There is a connection between emotional pain and compulsive behavior. Sex is often used as a means to regulate painful emotions. This is especially true for teens who were not given sufficient levels of emotional nurturing and caring.

Take Sam as an example. Sam was raised in an angry and hostile home. His needs for security and love were not met by his parents. He could not go to his parents for comfort. As a result, Sam felt great fear, anxiety, rage, shame, and loneliness. He learned to stuff and deny his feelings. However, there was pornography. In his words, “I thought pornography could save me.”

Porn took him out of an unbearable situation, allowing him to escape and providing a fantasy world where he was wanted. Masturbation gave him a way to soothe himself and to calm the anxiety of living in a turbulent home. Sam turned to porn for the nurturing he needed and couldn’t get at home with his parents. Over time, he became dependent upon sex to regulate his damaged emotions.

While Sam’s situation might be somewhat extreme, every person has likely experienced some emotional pain. A recent WebMD article by Jeanie Lerche Davis states that 20 percent of teens deal with emotional disorders. She notes two studies published recently in top psychology journals.

The studies are a wake-up call for parents, school counselors, teachers, and psychologists, says Alan Delamater, PhD, Director of Clinical Psychology in pediatrics at the University of Miami School of Medicine.“Don’t ever underestimate the emotional difficulties kids may be having,” he told WebMD. “Many people minimize these things, think they’re a phase, and think the kids are weak. These problems are real.”

What have been your emotionally painful experiences? What are some traumatic events you’ve experienced? Some of the experiences might include:

  • The shock and deep hurt of parents divorcing.
  • The trauma of witnessing violence.
  • The deep wounds of being bullied by peers.
  • Suffering the inner pain of verbal or emotional abuse.
  • The horrible violation of sexual abuse.
  • The loss of a parent due to untimely death.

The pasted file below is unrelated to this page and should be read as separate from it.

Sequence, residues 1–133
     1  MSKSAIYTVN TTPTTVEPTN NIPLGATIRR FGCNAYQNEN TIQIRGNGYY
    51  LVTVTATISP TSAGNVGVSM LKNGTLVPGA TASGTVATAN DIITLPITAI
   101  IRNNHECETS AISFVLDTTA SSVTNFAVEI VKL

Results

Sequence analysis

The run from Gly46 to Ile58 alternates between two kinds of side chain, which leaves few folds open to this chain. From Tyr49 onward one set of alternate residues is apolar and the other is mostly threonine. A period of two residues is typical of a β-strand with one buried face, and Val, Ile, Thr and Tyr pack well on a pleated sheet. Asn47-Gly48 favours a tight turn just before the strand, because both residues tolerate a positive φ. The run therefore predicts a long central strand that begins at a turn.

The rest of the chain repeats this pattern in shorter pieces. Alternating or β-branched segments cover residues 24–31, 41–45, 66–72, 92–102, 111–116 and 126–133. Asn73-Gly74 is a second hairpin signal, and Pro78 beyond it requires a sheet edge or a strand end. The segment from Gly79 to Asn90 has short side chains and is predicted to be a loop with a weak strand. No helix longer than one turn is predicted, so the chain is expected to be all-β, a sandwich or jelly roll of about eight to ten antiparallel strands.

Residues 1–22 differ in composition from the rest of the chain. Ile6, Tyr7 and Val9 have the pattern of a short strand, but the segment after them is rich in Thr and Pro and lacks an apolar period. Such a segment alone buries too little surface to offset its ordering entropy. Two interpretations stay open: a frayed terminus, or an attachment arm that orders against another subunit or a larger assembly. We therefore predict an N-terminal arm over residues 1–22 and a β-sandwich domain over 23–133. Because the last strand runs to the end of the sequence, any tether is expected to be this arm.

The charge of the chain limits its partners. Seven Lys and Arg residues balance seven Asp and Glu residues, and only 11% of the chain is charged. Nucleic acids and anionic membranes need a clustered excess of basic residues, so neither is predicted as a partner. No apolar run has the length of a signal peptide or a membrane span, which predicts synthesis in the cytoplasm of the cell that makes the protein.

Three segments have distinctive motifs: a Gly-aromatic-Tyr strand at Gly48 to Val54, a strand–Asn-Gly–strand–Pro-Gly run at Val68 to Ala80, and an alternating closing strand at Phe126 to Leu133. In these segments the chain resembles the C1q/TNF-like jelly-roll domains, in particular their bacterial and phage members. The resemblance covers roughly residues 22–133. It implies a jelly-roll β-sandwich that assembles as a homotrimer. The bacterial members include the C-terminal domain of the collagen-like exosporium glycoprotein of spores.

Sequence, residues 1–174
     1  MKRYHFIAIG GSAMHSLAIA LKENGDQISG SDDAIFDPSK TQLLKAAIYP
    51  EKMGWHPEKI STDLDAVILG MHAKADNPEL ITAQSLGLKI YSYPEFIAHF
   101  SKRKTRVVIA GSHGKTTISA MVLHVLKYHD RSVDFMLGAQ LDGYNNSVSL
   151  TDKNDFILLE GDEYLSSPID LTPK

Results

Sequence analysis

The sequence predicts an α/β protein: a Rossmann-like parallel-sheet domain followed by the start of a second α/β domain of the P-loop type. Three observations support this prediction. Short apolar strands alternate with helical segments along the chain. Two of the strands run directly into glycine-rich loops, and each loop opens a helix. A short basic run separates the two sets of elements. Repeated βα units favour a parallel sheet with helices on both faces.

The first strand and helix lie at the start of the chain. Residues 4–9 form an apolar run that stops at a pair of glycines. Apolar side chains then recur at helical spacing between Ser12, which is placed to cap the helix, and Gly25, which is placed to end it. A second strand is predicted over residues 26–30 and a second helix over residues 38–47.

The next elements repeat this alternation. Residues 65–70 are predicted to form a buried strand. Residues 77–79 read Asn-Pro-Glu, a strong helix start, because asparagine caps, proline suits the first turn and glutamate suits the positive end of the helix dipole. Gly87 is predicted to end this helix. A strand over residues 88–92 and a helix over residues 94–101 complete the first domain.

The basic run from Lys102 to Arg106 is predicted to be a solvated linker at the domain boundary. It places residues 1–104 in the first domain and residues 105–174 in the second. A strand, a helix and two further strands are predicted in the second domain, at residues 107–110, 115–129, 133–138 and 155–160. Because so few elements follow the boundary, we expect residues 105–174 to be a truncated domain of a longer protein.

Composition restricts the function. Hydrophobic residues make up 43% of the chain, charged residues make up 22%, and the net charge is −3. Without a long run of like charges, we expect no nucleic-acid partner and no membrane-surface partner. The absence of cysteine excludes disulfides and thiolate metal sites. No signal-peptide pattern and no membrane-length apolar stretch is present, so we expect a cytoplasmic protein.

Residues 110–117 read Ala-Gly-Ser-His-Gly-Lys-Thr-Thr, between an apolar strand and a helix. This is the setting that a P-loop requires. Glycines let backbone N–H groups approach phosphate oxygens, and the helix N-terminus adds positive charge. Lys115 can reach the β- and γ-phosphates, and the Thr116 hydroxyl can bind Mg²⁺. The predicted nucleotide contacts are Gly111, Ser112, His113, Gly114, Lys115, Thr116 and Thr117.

• The abandonment and rejection of not knowing your biological parent.

We cannot possibly mention all the ways teens have experienced emotional pain. If you have been trapped in destructive behavior, let this truth take root within you—YOU can be free! Christ’s redeeming love can give you freedom from the inside out. By His death on Calvary He has made it possible for you to be free physically, spiritually, and emotionally. He has redeemed us and broken the chains of the enemy’s lies and hold on us that make us crazy!

Only Jesus Christ has the power to set captives free. While we can turn to various prescriptions, tactics, steps, and processes, they provide only short-term relief at best. There is great hope for us when we recognize Jesus Christ as the source of inner healing and the means of grace.

[tweetthis]Only Jesus Christ has the power to set captives free.[/tweetthis]

The apostle Paul, in Second Corinthians, wrote: “Now the Lord is the Spirit, and where the Spirit of the Lord is, there is freedom. And we, who with unveiled faces all reflect the Lord’s glory, are being transformed into his likeness with ever-increasing glory, which comes from the Lord, who is the Spirit” (2 Corinthians 3:17-18).

These two verses are filled with promise for the emotionally wounded. They assure us that wherever the Spirit of the Lord dwells, there is freedom. Paul says very clearly this is a process, and under the Spirit’s anointing, the healing power of the Lord transforms us and sets us free.

This writing was excerpted from Pure Teens: Honoring God, Relationships, and Sex by Dr. John Thorington


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